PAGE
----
We’re here to help you understand Medicare.
Medicare Part A and Part B, otherwise referred to as Original Medicare, is a health insurance program that is provided by the federal government. To be entitled to Original Medicare, you must be a U.S. citizen or a permanent legal resident for at least 5 years and meet one of the following criteria:
- People 65 years of age or older
- People under age 65 with certain disabilities
- People of all ages with End-Stage Renal Disease (kidney failure) or ALS (Lou Gehrig’s disease)
65 years old
U.S. citizen and resident
(at least 5 consecutive years)
(i.e. people of any age with end-stage renal disease or ALS)
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Medicare, or “Original Medicare” is a federal program that is administered by the Centers for Medicare & Medicaid Services (CMS), which is a division within the U.S. Department of Health and Human Services. At the local level, district offices of the Social Security Administration accept Medicare enrollment applications, process claims, and provide general information about the Medicare program. However, the Social Security Administration does not make Medicare policy; it handles the paperwork.
The Medicare program provides basic medical benefits for millions of Americans and controls the costs for these medical services through a system of regulations and procedures. The Medicare program is funded by Social Security, Medicare taxes, Medicare premiums, and the federal budget.
Original Medicare differs from Medicare Advantage and Medicare Supplement, which are insurance plans offered by a private insurance company (instead of the federal government). Original Medicare does not require a network of doctors and hospitals, so you have the freedom to go to any doctor or provider within the United States that accepts Medicare. Enrolling in Original Medicare is easy because you cannot be turned down due to your medical history or a pre-existing condition.
These are common points of confusion for people:
- Even if you are already collecting Social Security, you must wait until you are 65 to enroll in Medicare.
- You must be 65 to enroll in Medicare – your spouse’s age does not count
(Medicare plans are individual plans – not family plans).
When you turn 65, and if you are already drawing your Social Security, then you will automatically receive a letter in the mail from Social Security with your Medicare card.
If however, you are not drawing your Social Security at age 65 – you can still join Medicare, but you will need to sign up directly through the Social Security office. In other words, it will not happen automatically.
Your Medicare card shows that you have Medicare health insurance and whether you have Part A, Part B, or both.
Contrary to popular belief, Original Medicare (Part A and Part B) does not cover all medical expenses. There are exclusions or services not covered, including:
- Prescription drugs
- Comfort or convenience items
- Private duty nursing
- Long-term care
- Cosmetic surgery
- Most chiropractic services
- Routine foot care
- Routine eye care
- Routine hearing tests
- Most dental care
- Most care while traveling outside the United States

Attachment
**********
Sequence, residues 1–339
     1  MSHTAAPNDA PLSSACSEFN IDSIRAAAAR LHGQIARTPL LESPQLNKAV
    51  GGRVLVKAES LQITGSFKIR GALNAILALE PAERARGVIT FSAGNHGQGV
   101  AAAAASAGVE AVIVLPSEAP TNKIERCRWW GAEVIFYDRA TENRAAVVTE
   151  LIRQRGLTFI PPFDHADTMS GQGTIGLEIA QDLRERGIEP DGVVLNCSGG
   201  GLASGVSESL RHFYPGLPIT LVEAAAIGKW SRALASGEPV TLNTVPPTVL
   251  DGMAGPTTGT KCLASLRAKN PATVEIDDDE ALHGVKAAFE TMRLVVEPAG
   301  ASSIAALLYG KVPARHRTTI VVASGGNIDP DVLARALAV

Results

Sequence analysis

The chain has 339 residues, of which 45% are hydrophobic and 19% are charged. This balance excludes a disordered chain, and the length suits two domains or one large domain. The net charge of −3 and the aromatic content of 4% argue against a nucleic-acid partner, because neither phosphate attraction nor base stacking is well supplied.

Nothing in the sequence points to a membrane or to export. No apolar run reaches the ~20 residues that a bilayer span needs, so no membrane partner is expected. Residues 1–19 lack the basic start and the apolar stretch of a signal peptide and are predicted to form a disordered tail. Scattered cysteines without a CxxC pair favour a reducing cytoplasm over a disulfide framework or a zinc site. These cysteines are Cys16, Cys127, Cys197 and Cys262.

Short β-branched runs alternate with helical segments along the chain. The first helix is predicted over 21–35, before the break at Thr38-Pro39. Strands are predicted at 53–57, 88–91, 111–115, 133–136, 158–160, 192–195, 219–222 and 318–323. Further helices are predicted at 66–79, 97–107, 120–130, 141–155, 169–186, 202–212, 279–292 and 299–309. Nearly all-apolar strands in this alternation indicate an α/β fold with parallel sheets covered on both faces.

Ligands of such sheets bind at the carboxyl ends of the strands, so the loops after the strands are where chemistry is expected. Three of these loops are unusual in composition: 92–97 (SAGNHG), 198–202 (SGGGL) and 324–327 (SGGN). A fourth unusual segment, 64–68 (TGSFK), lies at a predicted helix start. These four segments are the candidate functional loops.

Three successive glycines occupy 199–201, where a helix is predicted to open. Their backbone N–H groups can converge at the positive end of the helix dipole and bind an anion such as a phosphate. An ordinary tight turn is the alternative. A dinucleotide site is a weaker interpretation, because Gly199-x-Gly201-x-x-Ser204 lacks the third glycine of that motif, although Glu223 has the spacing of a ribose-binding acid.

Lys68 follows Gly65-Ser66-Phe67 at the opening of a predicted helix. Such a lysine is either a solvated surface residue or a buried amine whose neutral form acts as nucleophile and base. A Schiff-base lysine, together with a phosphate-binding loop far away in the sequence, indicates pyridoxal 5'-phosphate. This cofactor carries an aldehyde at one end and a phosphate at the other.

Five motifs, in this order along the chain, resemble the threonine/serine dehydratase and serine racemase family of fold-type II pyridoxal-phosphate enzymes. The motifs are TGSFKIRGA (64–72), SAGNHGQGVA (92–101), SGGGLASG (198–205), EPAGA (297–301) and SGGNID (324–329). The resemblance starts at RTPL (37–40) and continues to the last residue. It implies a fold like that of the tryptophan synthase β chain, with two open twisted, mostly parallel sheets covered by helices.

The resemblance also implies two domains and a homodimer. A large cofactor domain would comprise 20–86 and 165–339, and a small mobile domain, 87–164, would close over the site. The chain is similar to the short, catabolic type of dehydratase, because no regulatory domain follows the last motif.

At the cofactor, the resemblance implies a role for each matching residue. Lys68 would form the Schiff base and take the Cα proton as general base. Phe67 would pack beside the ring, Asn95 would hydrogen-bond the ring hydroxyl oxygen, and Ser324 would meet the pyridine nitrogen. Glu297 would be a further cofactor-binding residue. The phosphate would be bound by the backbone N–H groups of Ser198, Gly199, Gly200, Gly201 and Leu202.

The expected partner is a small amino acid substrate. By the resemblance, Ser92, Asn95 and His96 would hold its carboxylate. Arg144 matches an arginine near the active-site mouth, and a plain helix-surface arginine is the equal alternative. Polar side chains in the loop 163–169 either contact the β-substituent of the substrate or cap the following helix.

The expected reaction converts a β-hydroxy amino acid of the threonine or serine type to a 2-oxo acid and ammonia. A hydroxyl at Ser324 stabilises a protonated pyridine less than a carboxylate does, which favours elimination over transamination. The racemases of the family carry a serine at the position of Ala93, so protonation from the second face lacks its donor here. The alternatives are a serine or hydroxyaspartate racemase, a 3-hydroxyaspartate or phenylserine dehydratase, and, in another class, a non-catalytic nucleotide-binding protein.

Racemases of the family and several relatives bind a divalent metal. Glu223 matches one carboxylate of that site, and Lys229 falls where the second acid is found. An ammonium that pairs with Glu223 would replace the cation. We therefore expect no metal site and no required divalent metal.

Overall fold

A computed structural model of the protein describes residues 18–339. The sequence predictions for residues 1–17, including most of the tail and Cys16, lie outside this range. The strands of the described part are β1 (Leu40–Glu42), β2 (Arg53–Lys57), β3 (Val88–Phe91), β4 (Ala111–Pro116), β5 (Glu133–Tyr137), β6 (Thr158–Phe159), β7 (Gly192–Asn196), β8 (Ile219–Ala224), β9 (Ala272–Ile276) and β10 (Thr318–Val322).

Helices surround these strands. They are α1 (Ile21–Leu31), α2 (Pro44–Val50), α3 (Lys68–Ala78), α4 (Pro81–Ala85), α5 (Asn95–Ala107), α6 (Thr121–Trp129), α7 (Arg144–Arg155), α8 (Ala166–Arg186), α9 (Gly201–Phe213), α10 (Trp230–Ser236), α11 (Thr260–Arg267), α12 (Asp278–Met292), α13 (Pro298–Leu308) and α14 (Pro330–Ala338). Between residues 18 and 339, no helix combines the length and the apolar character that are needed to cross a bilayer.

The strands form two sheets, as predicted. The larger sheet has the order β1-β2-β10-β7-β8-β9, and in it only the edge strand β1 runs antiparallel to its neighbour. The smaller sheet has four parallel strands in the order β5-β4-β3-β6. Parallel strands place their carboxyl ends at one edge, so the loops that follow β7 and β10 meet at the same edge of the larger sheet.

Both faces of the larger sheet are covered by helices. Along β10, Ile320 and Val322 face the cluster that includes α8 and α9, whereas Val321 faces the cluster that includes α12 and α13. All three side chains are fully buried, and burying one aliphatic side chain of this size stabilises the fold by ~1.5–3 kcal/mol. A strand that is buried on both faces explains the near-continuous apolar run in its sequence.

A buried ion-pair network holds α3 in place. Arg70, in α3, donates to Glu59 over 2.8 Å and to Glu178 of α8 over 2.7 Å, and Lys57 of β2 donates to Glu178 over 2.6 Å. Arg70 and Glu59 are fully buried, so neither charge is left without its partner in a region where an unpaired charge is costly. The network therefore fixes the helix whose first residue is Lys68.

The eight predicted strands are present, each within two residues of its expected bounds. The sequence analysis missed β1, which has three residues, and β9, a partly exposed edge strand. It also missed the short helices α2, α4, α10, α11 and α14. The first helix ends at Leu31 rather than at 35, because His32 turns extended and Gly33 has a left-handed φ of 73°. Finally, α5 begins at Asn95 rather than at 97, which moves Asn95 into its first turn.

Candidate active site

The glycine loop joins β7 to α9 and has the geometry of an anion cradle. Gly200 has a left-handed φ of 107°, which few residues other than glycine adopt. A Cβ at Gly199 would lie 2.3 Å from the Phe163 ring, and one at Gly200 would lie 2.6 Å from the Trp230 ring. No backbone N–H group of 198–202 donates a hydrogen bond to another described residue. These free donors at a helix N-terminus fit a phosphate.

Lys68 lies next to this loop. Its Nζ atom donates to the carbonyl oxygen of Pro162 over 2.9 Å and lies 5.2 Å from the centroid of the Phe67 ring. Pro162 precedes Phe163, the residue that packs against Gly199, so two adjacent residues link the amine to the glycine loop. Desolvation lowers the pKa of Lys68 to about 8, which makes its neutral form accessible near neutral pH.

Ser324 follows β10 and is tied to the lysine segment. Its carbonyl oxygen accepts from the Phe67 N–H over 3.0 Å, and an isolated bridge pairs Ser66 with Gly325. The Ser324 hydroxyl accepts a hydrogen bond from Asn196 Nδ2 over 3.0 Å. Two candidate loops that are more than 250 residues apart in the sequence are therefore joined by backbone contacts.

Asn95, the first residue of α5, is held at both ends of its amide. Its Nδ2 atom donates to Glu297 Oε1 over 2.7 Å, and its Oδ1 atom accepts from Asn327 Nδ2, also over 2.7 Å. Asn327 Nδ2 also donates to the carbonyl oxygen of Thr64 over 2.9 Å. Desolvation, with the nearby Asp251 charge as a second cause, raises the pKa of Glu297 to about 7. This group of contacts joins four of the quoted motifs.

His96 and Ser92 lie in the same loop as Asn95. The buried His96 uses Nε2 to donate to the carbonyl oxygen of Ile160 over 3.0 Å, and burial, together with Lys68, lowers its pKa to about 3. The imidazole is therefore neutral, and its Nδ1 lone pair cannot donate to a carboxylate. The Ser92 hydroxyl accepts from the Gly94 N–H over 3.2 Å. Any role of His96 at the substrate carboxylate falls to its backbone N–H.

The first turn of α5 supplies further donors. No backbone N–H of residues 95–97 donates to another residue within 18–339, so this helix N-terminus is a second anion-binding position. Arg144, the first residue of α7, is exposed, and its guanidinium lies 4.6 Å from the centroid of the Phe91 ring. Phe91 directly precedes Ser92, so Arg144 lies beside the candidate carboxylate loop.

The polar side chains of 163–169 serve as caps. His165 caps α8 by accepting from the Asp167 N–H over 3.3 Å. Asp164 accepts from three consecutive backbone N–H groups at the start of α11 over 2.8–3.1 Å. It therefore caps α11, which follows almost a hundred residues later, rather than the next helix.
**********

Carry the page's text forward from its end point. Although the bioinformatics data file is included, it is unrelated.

- Custodial care (help with bathing, dressing, eating, etc.)
- There is no yearly limit for what you pay out-of-pocket
- You do not generally need to file Medicare claims (providers and suppliers file your claims for the covered services and supplies you get)
- Your out-of-pocket costs are affected by whether your doctor accepts assignment
- If you choose to get services or supplies not covered by Medicare, you pay all the costs unless you have other insurance that covers it
- The amount you have to pay can be different if you have Medicaid or get state help paying your Medicare costs
Original Medicare helps to pay for many health care items and services, but you will pay a share of the cost too. Your Medicare costs include:
A premium is a fixed amount that you pay each month to have the insurance policy in place (and can change from year to year).
A deductible is a set amount that you pay before your plan begins to pay.
A co-payment (or co-pay) is a preset, fixed amount you pay at the time you receive a covered service. For example, you might pay $25 each time you go to the doctor.
Co-insurance is when you and Medicare split the cost of a covered service. For example, you might pay 20% of the allowed amount and your plan would pay 80%.
Many people continue working after they reach age 65. Their employer may have group health insurance. How does Medicare affect these people?
If You Are Still Working At 65:
- You can still enroll in Medicare Parts A and B but you may choose to delay enrollment in Part B since there is a monthly premium cost
- Consider speaking with your benefit administrator to find out the options and how your employer coverage works with Medicare
- Keep records of your health insurance coverage
Once Retiring After 65:
- When you retire or otherwise lose your employer insurance coverage, you are eligible to then enroll in Medicare
- Allows for enrollment in a Medicare plan after employer coverage ends without penalty
- Best to sign up before you retire to avoid a lapse in coverage
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